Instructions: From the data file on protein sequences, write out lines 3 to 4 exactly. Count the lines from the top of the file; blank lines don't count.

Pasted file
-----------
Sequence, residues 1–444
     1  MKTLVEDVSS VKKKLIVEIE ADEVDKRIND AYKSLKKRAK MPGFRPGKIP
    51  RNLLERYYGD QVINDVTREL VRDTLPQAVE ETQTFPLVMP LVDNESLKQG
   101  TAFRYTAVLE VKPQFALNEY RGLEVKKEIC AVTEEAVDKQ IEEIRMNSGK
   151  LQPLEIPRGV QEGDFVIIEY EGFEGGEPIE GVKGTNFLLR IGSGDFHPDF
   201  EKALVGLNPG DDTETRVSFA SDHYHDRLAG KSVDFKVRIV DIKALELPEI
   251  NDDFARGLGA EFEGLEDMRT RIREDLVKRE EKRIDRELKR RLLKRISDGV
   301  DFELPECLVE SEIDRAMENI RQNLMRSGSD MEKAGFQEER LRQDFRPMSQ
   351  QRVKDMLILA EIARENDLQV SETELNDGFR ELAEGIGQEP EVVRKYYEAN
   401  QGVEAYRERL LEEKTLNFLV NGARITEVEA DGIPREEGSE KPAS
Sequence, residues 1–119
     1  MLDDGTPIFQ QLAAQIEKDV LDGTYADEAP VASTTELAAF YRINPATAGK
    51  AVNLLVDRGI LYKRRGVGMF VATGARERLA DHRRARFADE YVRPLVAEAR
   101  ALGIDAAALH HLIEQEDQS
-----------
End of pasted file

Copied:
    51  RNLLERYYGD QVINDVTREL VRDTLPQAVE ETQTFPLVMP LVDNESLKQG
   101  TAFRYTAVLE VKPQFALNEY RGLEVKKEIC AVTEEAVDKQ IEEIRMNSGK